Energy utility AGL Energy Ltd (ASX: AGL) reported its interim results to the market this morning. Profit after tax was heavily impacted by write-downs on the value of AGL’s gas assets, after the company decided to withdraw from gas exploration and production.

However, underlying profit delivered a pleasing rise thanks to above-par performance and a full-year contribution from the Macquarie Generation coal project, while an increase in dividends should also keep shareholders happy. Here’s what you need to know:

  • Revenue rose 8% to $5,601m
  • Statutory Loss After Tax of $449m
  • Underlying Profit After Tax rose 24% to $375m
  • Interim dividend of 32 cents, up 7% on previous year
  • Impairments of $640m (after tax) to value of gas exploration and production assets
  • Marginal improvements in customer churn, 0.9% decline in average customer numbers
  • $3.1bn in non-current debt, $100m cash, heavy net cash outflow due mostly to repayment of borrowings

So What?

AGL’s earnings rose this year largely thanks to a full year’s contribution from its recently acquired Macquarie Generation business, although higher gas volumes and prices also played a part.

Heavy impairments on the company’s gas assets were as a result of a weak gas market as well as lower-than-expected productivity from the Gloucester Gas project, which spurred the decision to abandon gas exploration and production. AGL will look to sell these assets at a future date.

The renewables portfolio remained underwater, with an Earnings Before Interest and Tax (EBIT) loss of $37m, compared to $40m in the prior comparable period.

Readers might be nervous about AGL’s heavy debt load and low cash, but virtually all of its debt is non-current, requiring repayment in future periods. Cash flow from operations remained strong at $658m.

Total customer churn actually increased by 0.5%, faster than the rest of the market and narrowing the gap between AGL and its closest competitors. However, acquisitions and retentions increased by 5% while average customer numbers declined by 0.9%. Gross margin per account improved by 12%, partly thanks to external factors.

Total cost to grow per account decreased from $95 to $93. A focus on lower-cost internal channels lifted internal acquisitions and retentions from 76% to 79%.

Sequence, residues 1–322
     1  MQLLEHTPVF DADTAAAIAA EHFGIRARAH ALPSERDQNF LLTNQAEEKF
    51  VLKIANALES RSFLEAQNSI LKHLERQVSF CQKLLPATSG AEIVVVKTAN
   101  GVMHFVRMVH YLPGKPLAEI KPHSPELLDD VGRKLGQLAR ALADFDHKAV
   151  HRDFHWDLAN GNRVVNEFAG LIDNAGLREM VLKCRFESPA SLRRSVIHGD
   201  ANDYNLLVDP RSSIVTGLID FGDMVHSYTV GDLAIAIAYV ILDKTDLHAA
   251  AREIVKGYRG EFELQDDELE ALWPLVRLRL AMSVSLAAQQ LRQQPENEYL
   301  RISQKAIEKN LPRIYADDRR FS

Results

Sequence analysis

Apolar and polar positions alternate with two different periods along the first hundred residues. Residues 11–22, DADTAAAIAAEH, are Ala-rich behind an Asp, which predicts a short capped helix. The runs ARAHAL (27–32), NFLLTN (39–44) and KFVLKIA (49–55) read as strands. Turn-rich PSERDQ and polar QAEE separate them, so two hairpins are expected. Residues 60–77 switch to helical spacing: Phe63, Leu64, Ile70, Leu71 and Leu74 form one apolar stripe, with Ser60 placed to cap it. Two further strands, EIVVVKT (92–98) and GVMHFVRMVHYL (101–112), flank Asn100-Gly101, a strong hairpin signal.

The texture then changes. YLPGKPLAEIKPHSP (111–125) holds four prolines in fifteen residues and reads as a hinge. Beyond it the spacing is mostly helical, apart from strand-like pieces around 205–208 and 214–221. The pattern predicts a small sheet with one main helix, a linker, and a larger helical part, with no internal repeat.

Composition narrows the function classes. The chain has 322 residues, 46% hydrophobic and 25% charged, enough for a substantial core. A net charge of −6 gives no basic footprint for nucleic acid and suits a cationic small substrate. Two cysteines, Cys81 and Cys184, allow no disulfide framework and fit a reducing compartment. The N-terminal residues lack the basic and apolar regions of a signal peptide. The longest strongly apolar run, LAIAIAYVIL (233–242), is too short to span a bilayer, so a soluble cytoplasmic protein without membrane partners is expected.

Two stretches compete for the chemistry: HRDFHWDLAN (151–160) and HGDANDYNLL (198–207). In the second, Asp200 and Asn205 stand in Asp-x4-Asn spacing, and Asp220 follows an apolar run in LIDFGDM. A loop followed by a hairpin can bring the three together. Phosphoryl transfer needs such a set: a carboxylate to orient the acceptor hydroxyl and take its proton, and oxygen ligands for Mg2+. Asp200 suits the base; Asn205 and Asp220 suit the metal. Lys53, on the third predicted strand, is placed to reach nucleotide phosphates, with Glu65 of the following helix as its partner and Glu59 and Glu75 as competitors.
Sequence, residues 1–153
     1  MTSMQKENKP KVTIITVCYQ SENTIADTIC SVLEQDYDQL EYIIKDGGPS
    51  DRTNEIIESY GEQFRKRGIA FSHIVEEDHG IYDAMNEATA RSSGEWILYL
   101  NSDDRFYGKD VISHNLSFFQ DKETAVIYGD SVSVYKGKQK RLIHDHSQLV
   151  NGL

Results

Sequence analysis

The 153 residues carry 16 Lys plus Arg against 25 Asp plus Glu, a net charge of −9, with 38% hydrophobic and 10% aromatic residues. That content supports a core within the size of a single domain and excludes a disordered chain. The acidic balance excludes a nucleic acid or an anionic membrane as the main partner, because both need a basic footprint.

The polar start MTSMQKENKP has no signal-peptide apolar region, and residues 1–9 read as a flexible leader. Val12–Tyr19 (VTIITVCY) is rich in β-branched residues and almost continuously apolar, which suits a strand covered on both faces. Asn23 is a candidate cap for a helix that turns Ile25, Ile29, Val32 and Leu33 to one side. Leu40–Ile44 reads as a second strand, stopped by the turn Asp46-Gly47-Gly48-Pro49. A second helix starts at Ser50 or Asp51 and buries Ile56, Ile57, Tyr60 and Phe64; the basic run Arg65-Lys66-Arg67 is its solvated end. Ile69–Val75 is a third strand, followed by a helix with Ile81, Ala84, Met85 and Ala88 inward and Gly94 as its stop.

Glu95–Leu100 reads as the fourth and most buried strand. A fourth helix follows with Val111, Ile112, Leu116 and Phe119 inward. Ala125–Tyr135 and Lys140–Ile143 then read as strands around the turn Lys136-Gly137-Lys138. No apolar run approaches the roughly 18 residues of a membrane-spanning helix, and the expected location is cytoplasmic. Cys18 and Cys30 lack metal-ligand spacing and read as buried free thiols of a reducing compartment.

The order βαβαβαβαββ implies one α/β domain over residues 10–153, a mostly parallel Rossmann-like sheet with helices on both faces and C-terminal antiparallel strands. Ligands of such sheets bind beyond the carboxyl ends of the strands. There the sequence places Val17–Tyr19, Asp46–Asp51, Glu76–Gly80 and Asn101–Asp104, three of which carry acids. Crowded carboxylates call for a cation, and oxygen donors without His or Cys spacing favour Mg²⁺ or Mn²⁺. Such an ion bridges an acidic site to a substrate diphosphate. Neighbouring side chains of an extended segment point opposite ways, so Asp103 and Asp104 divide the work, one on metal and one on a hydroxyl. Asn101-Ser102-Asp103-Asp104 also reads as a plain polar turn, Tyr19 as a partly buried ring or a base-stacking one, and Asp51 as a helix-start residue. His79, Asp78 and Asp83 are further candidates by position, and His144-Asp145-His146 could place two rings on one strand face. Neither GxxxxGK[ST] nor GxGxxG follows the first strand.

Now What?

All things considered, it was a decent result from AGL even though the company continues to struggle to attract and retain fickle consumers. Decisions to write down the value of its gas assets and abandon gas production and exploration will further the company’s renewable generation goals, although shareholders should note that AGL’s renewables segment is as yet a tiny, loss-making business.

For me, I’m not a buyer of AGL Energy at today’s prices as I believe the company will continue to struggle to grow revenues faster than consumer demand for electricity – which is to say, not very fast. Firm competition remains in the market, both from other utilities and alternatives like home generation.

Additionally, it’s as yet uncertain where the earnings to replace the company’s outgoing gas and coal assets will come from. Even though their departure is decades away, AGL’s renewables segment isn’t making great headway. Factor in its highest share price in five years – underlying profit has fallen significantly since then – and I struggle to see the value in AGL Energy today.

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Motley Fool contributor Sean O'Neill has no position in any stocks mentioned. Unless otherwise noted, the author does not have a position in any stocks mentioned by the author in the comments below. The Motley Fool Australia has no position in any of the stocks mentioned. We Fools may not all hold the same opinions, but we all believe that considering a diverse range of insights makes us better investors. The Motley Fool has a disclosure policy. This article contains general investment advice only (under AFSL 400691). Authorised by Bruce Jackson.